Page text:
It seems there has long been a need for graciously uncool female protagonists in the teen coming-of-age canon, those who remind us of ourselves a little more than the 90s girls from the likes of Empire Records or The Craft that we wished we could be.
More recently, Greta Gerwig’s Ladybird was heralded as a perfect tale of adolescent angst, but it still gave us a protagonist with a sense of coolness firmly intact. With pink hair and an adequately blasé attitude to school, Ladybird could be added to the pile of teen misfits who were aspirationally uninspired. In fact, it was Ladybird’s sidelined pal played by Beanie Feldstein in Gerwig’s film who was more of the designated “loser”, now championed as such in Olivia Wilde’s directorial debut Booksmart.
Feldstein is class president Molly who, along with best friend Amy (Kaitlyn Dever), is exactly as the film’s title would suggest and the pair realise as their graduation looms that their unwavering dedication to the curriculum for the sake of college applications was perhaps not as necessary as they once thought. As fellow classmates reveal their own Yale and Harvard acceptances whilst chugging beer and trashing the school, the girls set out to have one night living the party life they spent so long rejecting.
The focus on these characters and the cast of fresh faces around them means there is a lot to like about Booksmart, but it equally feels a little worn in places. With Adam McKay and Will Ferrell behind the project as executive producers, the comedic beats are all too familiar, and it makes heavy-handed use of the hip-hop/EDM-blend needle drops that seem to now be a staple of the American teen comedy. It’s also a very internet-literate film, not only peppered with references to memes and Lyft ratings but explicitly conscious of how young digital native adults now discuss issues of sexuality and gender identity. It’s undeniably important that these topics make their way into popular cinema, but the cynic in me is concerned by how this can soon stray into virtue-signalling for marketing potential.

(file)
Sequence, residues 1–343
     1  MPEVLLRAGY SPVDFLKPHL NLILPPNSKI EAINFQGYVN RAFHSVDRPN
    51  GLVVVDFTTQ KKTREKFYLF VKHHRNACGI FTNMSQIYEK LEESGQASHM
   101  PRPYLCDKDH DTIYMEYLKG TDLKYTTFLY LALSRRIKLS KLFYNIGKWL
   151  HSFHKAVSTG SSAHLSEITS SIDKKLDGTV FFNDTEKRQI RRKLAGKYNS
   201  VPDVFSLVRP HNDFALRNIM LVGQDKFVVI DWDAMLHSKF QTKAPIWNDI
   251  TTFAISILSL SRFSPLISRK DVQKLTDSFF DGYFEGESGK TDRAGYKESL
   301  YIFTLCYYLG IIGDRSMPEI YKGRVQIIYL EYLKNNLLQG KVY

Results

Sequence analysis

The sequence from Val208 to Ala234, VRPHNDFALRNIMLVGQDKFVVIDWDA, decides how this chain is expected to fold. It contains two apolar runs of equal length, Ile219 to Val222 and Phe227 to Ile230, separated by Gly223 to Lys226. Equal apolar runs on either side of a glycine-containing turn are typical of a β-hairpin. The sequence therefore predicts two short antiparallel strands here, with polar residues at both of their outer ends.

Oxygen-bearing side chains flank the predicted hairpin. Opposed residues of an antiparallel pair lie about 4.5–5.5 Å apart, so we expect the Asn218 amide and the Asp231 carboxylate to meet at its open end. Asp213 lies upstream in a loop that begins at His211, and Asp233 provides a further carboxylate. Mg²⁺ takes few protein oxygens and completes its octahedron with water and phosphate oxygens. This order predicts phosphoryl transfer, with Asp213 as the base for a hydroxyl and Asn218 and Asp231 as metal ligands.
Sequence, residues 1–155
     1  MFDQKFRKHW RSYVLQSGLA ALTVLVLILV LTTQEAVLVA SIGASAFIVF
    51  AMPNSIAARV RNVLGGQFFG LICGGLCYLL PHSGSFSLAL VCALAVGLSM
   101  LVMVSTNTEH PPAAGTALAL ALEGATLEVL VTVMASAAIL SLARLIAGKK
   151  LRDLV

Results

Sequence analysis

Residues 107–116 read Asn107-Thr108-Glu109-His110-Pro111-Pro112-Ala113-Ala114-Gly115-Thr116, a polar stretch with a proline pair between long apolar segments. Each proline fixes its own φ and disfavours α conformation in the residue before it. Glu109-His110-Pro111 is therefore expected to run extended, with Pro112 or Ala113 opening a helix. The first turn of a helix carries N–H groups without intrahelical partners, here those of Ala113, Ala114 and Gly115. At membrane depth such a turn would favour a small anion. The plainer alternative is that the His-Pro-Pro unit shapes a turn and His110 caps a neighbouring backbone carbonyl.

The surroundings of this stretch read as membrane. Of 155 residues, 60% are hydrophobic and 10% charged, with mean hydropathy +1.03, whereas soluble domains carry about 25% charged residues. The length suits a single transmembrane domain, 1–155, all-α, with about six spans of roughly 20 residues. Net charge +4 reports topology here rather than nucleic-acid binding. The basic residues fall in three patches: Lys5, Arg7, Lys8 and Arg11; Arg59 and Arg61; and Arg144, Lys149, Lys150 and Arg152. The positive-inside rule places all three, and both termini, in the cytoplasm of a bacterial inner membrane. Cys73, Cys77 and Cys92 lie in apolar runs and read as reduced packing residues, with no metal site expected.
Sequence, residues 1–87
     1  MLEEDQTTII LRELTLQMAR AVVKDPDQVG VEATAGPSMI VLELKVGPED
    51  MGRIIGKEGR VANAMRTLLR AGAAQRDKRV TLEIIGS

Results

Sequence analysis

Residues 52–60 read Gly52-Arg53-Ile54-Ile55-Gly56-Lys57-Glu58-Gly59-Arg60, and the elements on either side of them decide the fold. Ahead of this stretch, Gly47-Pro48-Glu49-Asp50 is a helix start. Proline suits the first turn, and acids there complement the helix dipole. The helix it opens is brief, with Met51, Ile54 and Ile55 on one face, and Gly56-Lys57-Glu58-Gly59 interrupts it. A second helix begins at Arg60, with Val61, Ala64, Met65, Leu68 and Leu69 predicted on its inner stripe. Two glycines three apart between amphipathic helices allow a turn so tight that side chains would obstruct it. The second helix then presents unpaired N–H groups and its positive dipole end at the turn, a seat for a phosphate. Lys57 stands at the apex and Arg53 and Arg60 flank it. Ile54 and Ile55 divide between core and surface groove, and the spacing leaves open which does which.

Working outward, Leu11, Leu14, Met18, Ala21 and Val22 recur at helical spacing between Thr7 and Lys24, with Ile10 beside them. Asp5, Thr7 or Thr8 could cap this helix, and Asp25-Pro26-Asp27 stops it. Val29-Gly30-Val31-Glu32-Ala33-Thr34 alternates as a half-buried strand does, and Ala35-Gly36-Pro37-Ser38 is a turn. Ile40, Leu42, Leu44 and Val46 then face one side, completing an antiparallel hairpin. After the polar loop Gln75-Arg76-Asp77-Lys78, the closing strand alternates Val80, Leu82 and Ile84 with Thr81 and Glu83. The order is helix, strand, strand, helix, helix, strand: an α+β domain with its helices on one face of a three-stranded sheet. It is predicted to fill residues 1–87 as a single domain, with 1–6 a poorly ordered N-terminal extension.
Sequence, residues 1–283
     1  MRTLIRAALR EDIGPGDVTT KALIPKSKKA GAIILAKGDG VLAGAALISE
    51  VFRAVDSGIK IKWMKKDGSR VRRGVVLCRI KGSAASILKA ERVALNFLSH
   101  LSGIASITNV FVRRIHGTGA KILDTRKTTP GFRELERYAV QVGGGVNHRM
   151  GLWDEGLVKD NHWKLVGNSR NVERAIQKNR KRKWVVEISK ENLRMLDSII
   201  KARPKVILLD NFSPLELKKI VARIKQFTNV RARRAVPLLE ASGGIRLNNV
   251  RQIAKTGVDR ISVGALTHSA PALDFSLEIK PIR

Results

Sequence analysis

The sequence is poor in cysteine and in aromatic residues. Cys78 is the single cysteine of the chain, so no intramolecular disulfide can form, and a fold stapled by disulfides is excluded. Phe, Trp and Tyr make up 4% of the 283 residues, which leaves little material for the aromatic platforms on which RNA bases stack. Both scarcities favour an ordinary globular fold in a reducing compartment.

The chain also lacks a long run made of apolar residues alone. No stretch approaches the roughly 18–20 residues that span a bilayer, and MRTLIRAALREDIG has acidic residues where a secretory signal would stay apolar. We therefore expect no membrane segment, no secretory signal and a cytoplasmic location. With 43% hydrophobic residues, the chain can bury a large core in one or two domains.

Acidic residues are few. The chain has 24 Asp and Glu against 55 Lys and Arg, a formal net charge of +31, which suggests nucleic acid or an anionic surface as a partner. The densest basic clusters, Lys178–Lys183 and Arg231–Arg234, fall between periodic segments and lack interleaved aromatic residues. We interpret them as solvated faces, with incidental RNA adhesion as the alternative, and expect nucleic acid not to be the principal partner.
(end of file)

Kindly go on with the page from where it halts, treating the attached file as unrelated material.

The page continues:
Still it is refreshing to hear girls talking openly about their feelings and their relationship with sex in particular, whether it’s Molly and Amy discussing their masturbation habits or the classmate known as Triple-A (for offering the boys in their year “roadside assistance”) expressing her disappointment with the girls around her for encouraging that nickname. It’s also comforting to see Wilde’s approach to the characters as a collective, a group of equals, as even with faint remnants of the typical high school cliques apparent there are no real barriers to prevent anyone being friends with anyone else. Molly is not heralded as a flawless heroine here – she can be rude and judgmental, and she’s misunderstood her own peers as much as they’ve misunderstood her. The real tragedy is not that she’s missed out on parties, drugs, and sex throughout her time at school, but that she could have been genuine friends with the people around her.
What remains strong and fulfilled throughout, however, is Molly and Amy’s companionship. Feldstein and Dever have an honest chemistry and charm that keeps the narrative focused and cherishable. Wilde deftly captures the softer moments of the film, the quiet devastation of watching the person you want kissing someone else or the unenviable blend of pride and heartache at the sight of your best friend leaving to travel the world. Booksmart has its undeniably crowd-pleasing moments, but it doesn’t stray as far from the status quo of the genre as it possibly could have.